Jonas David’s Fiction Fridays, Episode #1: Slice of Life

--1:22 PM and thirty-eight seconds on January third, 2018: Strategies for escape: Lift a pencil, sharpened, and place the point against the right tear duct. With the heel of your palm against the eraser, angle the utensil so it is parallel with the bridge of your nose. Thrust into the brain. Find the heaviest object …

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Goals for 2019

It's that time of year again, where we all decide to really do the things we want to do. Usually it lasts for a couple months then we fall back into our ruts. That's why it's better for goals to be concrete, realistic, and achievable! Here are some of mine for the next year. Make …

The books I read in 2018: the good, the best, and the rest

This year I continued my exploration of the literary. I read 34 books, the same as last year (missing my goal of 40 by a fair amount) and only two of those could be called genre. Of those 34, most were brilliant, some extremely so, and very few were bland or uninteresting. I don't think …

Do I just love genius characters or is this book really that good?

I've been reading The Last Samurai (no, nothing to do with Tom Cruise) by Helen Dewitt, and boy is it great. I have been holding back on reading longer books (anything over 400 pages) because I wanted to meet my goodreads goal for the year (i'm not going to anyway) but after reading the sample …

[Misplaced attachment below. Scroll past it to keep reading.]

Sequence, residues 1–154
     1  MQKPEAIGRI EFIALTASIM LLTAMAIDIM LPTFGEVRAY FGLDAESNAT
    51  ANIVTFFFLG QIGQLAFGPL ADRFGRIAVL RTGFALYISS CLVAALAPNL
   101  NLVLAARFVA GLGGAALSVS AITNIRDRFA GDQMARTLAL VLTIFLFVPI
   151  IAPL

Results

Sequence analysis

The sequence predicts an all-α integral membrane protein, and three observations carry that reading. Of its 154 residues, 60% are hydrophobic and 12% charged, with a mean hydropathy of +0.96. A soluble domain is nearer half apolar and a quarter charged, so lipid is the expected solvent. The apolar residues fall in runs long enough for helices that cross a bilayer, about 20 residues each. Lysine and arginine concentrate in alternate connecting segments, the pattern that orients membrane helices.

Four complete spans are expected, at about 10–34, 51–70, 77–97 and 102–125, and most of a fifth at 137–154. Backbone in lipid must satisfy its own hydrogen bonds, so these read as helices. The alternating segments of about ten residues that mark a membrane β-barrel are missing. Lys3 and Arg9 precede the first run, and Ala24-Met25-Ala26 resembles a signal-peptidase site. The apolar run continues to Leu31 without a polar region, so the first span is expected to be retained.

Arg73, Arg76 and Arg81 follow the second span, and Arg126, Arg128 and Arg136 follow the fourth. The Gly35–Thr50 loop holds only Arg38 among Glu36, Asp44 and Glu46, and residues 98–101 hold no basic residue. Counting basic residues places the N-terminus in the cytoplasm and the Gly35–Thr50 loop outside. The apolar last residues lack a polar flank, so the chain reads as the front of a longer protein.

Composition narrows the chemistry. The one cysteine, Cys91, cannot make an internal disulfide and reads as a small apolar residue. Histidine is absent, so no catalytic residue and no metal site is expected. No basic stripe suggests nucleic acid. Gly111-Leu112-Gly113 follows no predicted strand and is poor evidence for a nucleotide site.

The Emigrants, W.G. Sebald

Much like the others I've read by this author, this book deals heavily with memory, loss, and--more directly than the others--the holocaust.¬† The narrator recounts his experiences with four characters, in four sections of the book. Each character is an emigrant from Germany, and each, in some way, seems to want to forget some aspect …

The Handmaid’s Tale: a negative side of human adaptability

I finished this dystopian classic by Margaret Atwood and was both impressed and frustrated. I was impressed by how believable the story was. In the afterward the author talks about how she took great care to put nothing in the book that hadn't already happened somewhere in history, and no technology that didn't exist. She …

Translating poetry: how can meaning be preserved?

I'm so enamored with Sebald that I got a book of his poetry, Across the Land and the Water (from the library, just in case it turns out I'm not a poetry kind of guy.) I've not read much of any poetry, by anyone,  but Sebald's writing is just so damn poetic anyway, I figured …